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Intelligent Design: The Bridge Between Science & Theology
William A. Dembski with a Forword by Michael J. Behe
From The Publisher:
God does not play dice with the universe. He plays Scrabble. In the movie Contact, an astronomer played by Jodie Foster discovers a radio signal with a discernable pattern, a sequence representing prime numbers from 2 to 101. Because the pattern is too specifically arranged to be mere random space noise, the scientists infer from this data that an extraterrestrial intelligence has transmitted this signal on purpose.
William Dembski sees in this illustration an instance of identifying specified complexity, and he argues that this demonstrates the viability of design theory with his criteria of "specified complexity."
Just as the coherent organization of Scrabble tiles on a board indicates arrangement by an intelligent agent, complexity in genetic DNA language and other biological sources suggests design. In the same way that anthropologists, forensic scientists, cryptologists and the Search for Extra-Terrestrial Intelligence (SETI) project use design inferences to identify an intelligently caused event, so too can molecular biologists, geneticists and other scientists reliably infer design.
Dembski’s position does not rely on belief in the Genesis account of creation. Rather, he demonstrates that intelligent design operates as a scientific theory of information even without any a priori commitment to Christian theism. The criteria of specified complexity is able to detect design in nature even if the researcher remains agnostic as to the identity of the designing agent.
This wide-ranging book argues that intelligent design has more epistemic support and provides greater explanatory power for the origins and development of life than Darwinist evolutionary theory. Dembski demonstrates the weaknesses of methodological naturalism and offers proposals for reinstating design within science. An appendix details Dembski’s responses to common objections to design theory.
Until recently, the argument for design—that nature (especially living organisms) shows the hand of an intelligent artificer--was generally viewed as an abandoned relic of the pre-Darwinian past. Dembski and his colleagues at the Discovery Institute's Center for the Renewal of Science and Culture have worked over the past decade to rehabilitate the concept of "intelligent design" not only as a plank of natural theology but as a theoretical resource within science. This collection of essays represents Dembski's efforts to remedy the conceptual fuzziness and lack of empirical content that plagued older versions of the design argument. Dembski recasts design as a problem in information theory, of empirically detecting the "complex specified information" that we attribute to intelligent causes. Although design inferences in biology or cosmology are obviously controversial, Dembski aims to normalize them by comparison to similar inferences routinely made in cryptography, forensic science and the search for extraterrestrial intelligence (SETI)--the latter being an especially effective counterexample to the claim that detecting unknown intelligences is impermissible as a scientific project. The book also presents more theologically oriented essays, including an especially astute analysis of the demise of British natural theology and an evocative (if unsympathetic) description of what Dembski sees as the "religious" character of scientific naturalism. Other material interspersed throughout the collection is less clearly related to intelligent design but gives a sense of Dembski's overall theological perspective. Readers who are principally interested in intelligent design itself, or who do not share the authors' theological interests, may find this distracting.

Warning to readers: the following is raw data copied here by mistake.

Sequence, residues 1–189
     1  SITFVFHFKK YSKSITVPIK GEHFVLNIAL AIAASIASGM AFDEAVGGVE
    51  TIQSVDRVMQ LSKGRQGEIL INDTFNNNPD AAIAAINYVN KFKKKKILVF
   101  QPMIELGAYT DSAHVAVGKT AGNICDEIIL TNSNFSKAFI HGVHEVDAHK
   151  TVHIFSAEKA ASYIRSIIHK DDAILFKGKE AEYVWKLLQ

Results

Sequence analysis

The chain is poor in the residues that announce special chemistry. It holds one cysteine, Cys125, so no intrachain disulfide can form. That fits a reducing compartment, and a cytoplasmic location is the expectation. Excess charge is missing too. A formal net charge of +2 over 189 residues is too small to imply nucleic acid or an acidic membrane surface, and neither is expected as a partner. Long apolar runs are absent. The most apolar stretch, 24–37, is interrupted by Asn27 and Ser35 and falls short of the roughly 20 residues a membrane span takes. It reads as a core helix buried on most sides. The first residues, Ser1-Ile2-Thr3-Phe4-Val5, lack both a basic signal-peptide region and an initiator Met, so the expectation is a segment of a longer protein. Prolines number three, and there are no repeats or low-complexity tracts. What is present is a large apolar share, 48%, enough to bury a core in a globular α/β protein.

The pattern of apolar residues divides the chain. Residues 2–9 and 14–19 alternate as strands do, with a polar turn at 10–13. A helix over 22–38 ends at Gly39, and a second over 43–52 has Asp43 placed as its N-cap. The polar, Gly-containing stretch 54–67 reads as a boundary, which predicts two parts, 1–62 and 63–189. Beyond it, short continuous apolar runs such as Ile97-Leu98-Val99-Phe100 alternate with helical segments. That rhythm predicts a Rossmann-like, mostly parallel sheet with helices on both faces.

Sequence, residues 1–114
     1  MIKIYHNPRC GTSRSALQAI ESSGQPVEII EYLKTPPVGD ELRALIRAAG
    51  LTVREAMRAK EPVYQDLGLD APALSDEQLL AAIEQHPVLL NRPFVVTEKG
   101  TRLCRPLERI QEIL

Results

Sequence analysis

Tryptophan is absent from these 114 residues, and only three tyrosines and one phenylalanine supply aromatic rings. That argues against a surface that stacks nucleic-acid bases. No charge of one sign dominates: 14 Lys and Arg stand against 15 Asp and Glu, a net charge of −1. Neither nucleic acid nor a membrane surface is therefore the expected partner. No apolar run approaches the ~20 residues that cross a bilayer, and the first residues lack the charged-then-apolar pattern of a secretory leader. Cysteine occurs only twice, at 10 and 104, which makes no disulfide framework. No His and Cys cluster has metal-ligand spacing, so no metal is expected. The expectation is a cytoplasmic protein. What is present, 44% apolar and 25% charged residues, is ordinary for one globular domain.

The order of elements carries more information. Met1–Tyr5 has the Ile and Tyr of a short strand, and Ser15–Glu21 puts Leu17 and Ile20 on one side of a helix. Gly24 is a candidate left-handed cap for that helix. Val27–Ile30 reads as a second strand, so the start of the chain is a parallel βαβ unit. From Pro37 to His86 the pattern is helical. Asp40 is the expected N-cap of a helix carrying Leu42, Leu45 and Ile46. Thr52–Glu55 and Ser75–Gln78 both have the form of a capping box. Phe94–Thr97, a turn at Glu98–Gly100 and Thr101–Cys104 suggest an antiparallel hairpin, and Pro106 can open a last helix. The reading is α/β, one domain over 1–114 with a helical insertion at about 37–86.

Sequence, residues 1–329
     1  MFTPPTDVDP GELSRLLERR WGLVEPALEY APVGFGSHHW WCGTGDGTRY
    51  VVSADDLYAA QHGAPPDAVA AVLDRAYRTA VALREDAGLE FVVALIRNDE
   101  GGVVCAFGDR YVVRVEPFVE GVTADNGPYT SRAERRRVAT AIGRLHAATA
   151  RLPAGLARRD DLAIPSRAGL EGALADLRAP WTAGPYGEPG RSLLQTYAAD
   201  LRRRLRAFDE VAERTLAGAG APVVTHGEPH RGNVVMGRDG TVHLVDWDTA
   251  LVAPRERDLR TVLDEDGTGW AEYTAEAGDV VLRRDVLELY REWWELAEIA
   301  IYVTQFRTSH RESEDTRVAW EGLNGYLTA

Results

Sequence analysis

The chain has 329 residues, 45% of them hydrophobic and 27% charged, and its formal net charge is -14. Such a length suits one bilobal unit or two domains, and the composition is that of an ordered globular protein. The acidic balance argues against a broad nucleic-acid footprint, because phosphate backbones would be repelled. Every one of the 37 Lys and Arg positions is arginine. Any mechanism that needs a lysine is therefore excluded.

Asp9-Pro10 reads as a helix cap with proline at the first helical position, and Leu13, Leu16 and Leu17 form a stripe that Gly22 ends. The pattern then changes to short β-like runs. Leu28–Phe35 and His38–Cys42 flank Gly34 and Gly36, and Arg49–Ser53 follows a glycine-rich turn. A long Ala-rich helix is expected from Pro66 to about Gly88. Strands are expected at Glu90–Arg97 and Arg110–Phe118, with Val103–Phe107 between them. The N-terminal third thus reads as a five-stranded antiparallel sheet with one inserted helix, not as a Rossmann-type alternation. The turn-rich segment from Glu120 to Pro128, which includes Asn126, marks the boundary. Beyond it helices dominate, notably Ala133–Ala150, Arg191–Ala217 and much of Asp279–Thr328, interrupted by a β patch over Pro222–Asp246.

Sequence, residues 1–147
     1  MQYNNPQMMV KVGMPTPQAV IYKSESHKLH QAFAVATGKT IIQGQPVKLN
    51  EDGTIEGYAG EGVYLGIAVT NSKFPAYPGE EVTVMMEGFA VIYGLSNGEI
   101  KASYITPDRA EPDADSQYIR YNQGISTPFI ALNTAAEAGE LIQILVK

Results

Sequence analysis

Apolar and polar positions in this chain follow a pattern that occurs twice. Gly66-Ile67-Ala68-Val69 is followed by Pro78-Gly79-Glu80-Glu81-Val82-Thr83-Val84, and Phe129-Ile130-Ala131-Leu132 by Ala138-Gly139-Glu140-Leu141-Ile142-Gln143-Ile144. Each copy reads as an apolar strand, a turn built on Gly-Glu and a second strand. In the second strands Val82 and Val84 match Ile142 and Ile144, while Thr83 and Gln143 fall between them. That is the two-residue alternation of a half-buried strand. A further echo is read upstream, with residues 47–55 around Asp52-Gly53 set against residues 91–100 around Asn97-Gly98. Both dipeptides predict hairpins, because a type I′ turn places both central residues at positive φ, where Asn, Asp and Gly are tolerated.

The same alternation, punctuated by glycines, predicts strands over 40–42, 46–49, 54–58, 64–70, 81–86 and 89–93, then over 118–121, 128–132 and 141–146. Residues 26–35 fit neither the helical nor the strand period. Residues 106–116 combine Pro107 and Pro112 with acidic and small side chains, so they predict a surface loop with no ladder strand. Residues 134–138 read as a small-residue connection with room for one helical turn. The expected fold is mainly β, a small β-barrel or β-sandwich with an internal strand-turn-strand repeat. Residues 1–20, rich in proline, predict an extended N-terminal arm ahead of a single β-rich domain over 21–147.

—Publisher's Weekly (Nov.) ©1999 Cahners Business Information.
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About the Author
William Dembski holds a Ph.D. in mathematics from the University of Chicago and a Ph.D. in philosophy from the University of Illinois at Chicago. He also has earned degrees in theology and psychology. He is the recipient of two fellowships from the National Science Foundation and currently is a senior fellow of the Discovery Institute’s Center for the Renewal of Science and Culture. He has done postdoctoral work at the University of Chicago, Massachusetts Institute of Technology, Princeton University and Northwestern University. Dembski is the author of the critically acclaimed The Design Inference (Cambridge) and many scholarly articles as well as the editor of Mere Creation.
Table of Contents
Foreword by Michael Behe
Part 1: Historical Beginnings
1. Recognizing the Divine Finger
2. The Critique of Miracles
3. The Demise of British Natural Theology
Part 2: A Theory of Design
4. Naturalism & Its Cure
5. Reinstating Design Within Science
6. Intelligent Design as a Theory of Information
Part 3: Bridging Science & Theology
7. Science & Theology in Mutual Support
8. The Act of Creation
Appendix: Objections to Design
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